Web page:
Rifle Slings and International Shooting

posted on September 2, 2015

The year was 1921. The place—Lyon, France. The occasion was the nineteenth World Shooting Championships at 300 meters. Until then, the U.S. team had never fired on a baffled, enclosed safety range, but they were firing on one now and they weren’t enjoying it. On August 9, the five-man Swiss team had defeated the U.S. in the standing match (40 shots per man) by 47 points. The next day, the Swiss had beaten the U.S. kneeling score by 18, leaving the USA trailing the Swiss by 65 points going into the last day’s shooting. The last day would entail 40 shots in the prone position.

All the news was not bad though. A 23-year-old civilian from Washington, D.C., named Walter Stokes had won both the standing and kneeling World Championships, in both cases defeating the Swiss hard-holder—Hartman.

The scores counted for both team and individual World Championships under the rules of the International Shooting Union (now known as the International Shooting Sport Federation, ISSF). Nevertheless, the outlook for the Yanks was grim. Unappreciated by the Europeans was that the Americans had secret weapons, passed on and approved as legal by the match officials. These “secret weapons” were the rifle sling, aperture rear sights and, as it turned out, Walter Stokes.

The use of the rifle sling as an aid to shooting (rather than as a carrying device) was arguably invented by, and certainly promoted by then Lt. Townsend Whelen in his 1906 book Suggestions to Military Riflemen. Strange as it may seem, neither the sling (as support) nor aperture sights were commonly used in European rifle competition in the first two decades of the twentieth century. Although we expected that our equipment (slings and sights) would be deemed legal on match day, we had a “hole card”: each rifle was drilled and tapped to mount the Model 1902 Krag rear sight, which is an open sight, adjustable for windage and elevation.

The ten rifles (in three different stock configurations) had been assembled in a “hurry-up” basis by Springfield Armory and issued to the team, which took them to the nearby Wakefield range for a few familiarization rounds. It is astonishing, today, that the team would be issued their match rifles just days before departure, but they were all familiar with the Model 1903 Springfield and these match guns were, basically, carefully fitted and “gussied-up” M1903s.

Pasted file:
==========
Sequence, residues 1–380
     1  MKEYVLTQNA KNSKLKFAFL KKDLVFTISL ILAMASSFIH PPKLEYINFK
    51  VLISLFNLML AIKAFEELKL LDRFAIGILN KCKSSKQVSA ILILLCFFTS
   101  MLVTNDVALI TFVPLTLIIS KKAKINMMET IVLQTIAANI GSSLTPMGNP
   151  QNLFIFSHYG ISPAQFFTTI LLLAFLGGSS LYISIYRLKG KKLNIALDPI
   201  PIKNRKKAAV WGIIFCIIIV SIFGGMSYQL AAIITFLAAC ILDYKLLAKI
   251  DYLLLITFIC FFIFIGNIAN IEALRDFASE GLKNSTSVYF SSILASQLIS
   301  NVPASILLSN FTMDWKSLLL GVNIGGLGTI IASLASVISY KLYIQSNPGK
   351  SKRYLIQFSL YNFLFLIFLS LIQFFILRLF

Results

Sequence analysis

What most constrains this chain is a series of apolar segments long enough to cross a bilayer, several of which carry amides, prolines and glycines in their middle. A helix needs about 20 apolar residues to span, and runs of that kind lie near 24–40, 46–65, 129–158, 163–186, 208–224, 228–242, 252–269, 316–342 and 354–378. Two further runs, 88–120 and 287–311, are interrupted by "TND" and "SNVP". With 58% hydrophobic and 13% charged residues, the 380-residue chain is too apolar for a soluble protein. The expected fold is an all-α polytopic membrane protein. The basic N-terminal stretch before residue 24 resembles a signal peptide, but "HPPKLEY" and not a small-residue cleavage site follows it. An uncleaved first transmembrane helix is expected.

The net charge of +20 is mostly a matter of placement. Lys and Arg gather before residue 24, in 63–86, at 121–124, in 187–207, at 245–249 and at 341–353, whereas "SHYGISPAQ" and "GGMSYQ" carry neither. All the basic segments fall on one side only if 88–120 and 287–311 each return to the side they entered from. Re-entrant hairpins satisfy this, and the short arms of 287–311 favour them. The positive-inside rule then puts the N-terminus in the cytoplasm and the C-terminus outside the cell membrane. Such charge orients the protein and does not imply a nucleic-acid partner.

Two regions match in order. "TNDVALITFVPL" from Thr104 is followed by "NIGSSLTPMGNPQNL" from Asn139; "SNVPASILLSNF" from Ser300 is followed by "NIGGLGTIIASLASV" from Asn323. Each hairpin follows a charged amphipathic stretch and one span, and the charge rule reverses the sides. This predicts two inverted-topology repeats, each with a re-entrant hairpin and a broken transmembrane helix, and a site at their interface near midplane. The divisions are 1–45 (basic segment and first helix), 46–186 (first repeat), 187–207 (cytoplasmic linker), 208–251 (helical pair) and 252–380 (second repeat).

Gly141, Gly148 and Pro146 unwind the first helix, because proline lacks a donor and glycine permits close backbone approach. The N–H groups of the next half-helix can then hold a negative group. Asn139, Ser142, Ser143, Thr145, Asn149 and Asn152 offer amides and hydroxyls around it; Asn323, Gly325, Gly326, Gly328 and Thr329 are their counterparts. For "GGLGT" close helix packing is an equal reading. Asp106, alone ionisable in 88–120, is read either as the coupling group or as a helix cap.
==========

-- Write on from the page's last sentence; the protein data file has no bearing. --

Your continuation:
Carl T. (“Cy”) Osburn was one of our finest rifle shooters and a member of the 1921 World Championship team. During his shooting career (1912-1924) he won eleven Olympic medals in shooting—more than anyone else before or since.

Because of time constraints, the team itself was not selected by a try-out, but by “…an arbitrary selection of team personnel from the ranks of the best shots available…” (Arms and the Man, LXVII (24) August 1, 1921). The team included the legendary Morris Fischer as well as Lt. Cdr. Carl Osburn, USN, who would ultimately accumulate eleven Olympic medals in shooting—more than anyone else, in the years 1912-1924.

When the prone match got under way on August 11, 1921, the advantages of slings and aperture sights quickly became apparent. Shot by shot the U.S. team gained on the Swiss. By noon, the Americans had erased the 65-point deficit and taken a two-point lead. When the match was over, USA was ahead by 82 points in the aggregate of the five individual three position scores. We had beaten the Swiss in prone shooting by 147 points, almost 30 points per man, and had defeated the Europeans at their own game. To make it worse, the Americans had shot the top three prone scores. We were unequivocally World Champions at 300 meters. The Swiss were understandably annoyed. In the preceding eighteen World Championships, they had won seventeen, losing only to the French at Turin, Italy in 1898. There was some serious grousing and grumbling about “special technical equipment” used by the U.S. team, but everything had been pronounced legal and approved. Grumbling notwithstanding, the precedent had been established, and the utility of the newfangled gear had been demonstrated.

To add some very important frosting to the cake, Walter Stokes had also won the prone match, thus becoming a four-fold World Champion (standing, kneeling, prone and aggregate) at 300 meters. His scores were respectively, 326, 357, 372 and 1,055. Only the great Swiss marksman Konrad Staheli had won all four 300 meter World Championships in one year (in Rome, in 1911) and no one from any nation has done it since.

Since 1990, the ISSF no longer awards World Championships in each of the three positions. Therefore Stokes’s feat, under present rules, cannot be repeated. Slings and aperture rear sights quickly became invariable features of international rifle shooting and, I think it is fair to say, changed the sport forever.

Walter Stokes continued shooting internationally and nationally, winning, among much else, the 300 meter three position world title again in 1922. He remained an active competitor into the 1930s and maintained a medical practice as a psychiatrist in Washington, D.C., until 1963. But that is another story.


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